US company aims to base life-extension system on Dutch multimission concept

Orbital Recovery has signed an agreement to use a concept developed by Dutch Space as the basis of its planned satellite life-extension system. The Dutch company's ConeXpress ORS (orbital recovery system) vehicle is based on the Ariane 5 payload adaptor, which will be equipped with ion propulsion and guidance electronics and released from the launcher to operate independently as a space tug.

Lieden-based Dutch Space (formerly Fokker Space) has been studying the ConeXpress multi-mission platform concept under European Space Agency (ESA) sponsorship. It plans to seek ESA funding to complete detailed design of the orbital recovery system between January and July next year. Full-scale development is planned to run from mid-2004 to early 2007, and could be funded under a public-private partnership.

Washington DC-based Orbital Recovery plans a demonstration mission in 2007 that will involve the ConeXpress ORS rendezvousing with a target satellite. This is two years later than previously planned. The mission would be followed by two commercial flights in 2007 and three a year thereafter. The company signed an agreement with Arianespace in February covering at least four Ariane 5 launches, beginning early in 2005.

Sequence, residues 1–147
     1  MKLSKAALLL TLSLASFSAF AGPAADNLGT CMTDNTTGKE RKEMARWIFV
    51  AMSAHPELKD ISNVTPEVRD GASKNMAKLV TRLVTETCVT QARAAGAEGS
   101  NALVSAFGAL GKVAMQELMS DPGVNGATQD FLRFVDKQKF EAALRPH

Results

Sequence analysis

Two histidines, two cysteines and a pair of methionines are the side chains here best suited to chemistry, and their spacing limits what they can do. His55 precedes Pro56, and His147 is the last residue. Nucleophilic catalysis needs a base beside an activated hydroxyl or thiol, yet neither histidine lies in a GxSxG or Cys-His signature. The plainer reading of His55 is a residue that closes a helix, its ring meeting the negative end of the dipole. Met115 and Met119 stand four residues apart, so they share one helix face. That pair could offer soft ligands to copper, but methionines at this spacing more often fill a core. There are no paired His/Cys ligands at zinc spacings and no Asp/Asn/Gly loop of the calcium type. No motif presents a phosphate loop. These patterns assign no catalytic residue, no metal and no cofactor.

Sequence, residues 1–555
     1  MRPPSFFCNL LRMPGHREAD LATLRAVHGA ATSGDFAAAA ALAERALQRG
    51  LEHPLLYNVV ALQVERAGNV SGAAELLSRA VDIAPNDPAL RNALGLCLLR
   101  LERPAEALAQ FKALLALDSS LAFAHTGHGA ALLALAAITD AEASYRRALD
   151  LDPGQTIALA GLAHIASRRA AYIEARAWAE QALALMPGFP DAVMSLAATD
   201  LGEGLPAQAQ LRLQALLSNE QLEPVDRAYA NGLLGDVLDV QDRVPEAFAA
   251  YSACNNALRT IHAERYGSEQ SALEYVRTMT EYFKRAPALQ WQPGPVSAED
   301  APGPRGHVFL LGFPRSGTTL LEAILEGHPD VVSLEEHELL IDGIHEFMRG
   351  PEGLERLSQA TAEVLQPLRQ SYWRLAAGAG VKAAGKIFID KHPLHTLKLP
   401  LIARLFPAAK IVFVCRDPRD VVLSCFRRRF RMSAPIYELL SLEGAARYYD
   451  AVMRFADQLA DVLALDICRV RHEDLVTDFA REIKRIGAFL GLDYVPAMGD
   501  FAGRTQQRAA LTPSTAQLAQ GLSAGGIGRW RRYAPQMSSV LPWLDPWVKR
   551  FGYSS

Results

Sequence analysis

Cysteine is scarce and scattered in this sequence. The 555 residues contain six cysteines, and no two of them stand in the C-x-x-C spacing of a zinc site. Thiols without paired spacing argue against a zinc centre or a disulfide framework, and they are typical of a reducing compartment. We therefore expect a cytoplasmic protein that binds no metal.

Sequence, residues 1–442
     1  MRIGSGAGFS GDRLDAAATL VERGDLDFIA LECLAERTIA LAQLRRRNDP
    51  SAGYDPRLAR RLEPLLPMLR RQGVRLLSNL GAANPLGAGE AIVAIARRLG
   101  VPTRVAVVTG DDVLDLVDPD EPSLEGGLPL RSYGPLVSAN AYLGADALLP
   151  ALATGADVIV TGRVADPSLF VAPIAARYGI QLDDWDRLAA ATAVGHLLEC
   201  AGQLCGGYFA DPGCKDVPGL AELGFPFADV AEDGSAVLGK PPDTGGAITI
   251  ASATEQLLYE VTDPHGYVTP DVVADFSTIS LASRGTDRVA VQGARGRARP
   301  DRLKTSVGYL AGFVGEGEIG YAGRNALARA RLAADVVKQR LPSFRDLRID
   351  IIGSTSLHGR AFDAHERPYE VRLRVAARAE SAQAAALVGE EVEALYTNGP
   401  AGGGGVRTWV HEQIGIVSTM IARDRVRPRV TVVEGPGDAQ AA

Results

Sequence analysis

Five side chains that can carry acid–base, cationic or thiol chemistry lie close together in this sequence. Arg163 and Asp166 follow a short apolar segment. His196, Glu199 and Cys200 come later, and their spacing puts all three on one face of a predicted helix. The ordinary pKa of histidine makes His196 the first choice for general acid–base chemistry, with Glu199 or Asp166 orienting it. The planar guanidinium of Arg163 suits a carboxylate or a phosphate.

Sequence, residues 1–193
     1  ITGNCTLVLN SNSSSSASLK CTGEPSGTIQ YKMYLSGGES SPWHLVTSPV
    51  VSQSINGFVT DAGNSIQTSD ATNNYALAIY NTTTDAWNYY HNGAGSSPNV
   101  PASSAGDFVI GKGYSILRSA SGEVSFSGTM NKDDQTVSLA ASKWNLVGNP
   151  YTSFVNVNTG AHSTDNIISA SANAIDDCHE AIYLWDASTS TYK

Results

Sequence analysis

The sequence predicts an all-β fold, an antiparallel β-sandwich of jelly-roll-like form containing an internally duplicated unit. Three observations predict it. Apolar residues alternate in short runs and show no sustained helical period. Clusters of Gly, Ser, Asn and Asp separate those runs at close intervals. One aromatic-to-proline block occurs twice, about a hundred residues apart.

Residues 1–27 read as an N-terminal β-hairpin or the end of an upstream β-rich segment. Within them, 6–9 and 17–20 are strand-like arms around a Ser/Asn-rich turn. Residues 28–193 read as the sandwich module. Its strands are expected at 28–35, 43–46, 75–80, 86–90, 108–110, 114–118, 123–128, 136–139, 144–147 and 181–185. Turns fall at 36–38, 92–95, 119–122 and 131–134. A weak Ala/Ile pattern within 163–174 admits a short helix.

In Dutch Space's baseline small-satellite application, the ConeXpress would take six months to reach geostationary orbit (GEO) on one ion engine. For the ORS mission, this will be reduced to "a few months". Once attached to the target spacecraft, the space tug would use the same ion propulsion system to extend the operational life of a commercial GEO communications satellite by five to 10 years, says Orbital Recovery.

The ConeXpress ORS weighs 1.1t, half of which is xenon fuel, compared with 200kg (440lb) for the now-empty payload adaptor, the composite structure for which is supplied by EADS Casa. On Ariane 5 dual-satellite launches, only the lower payload adaptor would be replaced by a ConeXpress.

Dutch Space says Arianespace is projecting an average 10-20% unused payload capacity on future commercial geostationary transfer orbit launches, providing regular opportunities and attractive pricing for ConeXpress flights.

Orbital Recovery is completing negotiations on a strategic financing round that is intended to bring other experienced industrial partners on to the programme.

Source: Flight International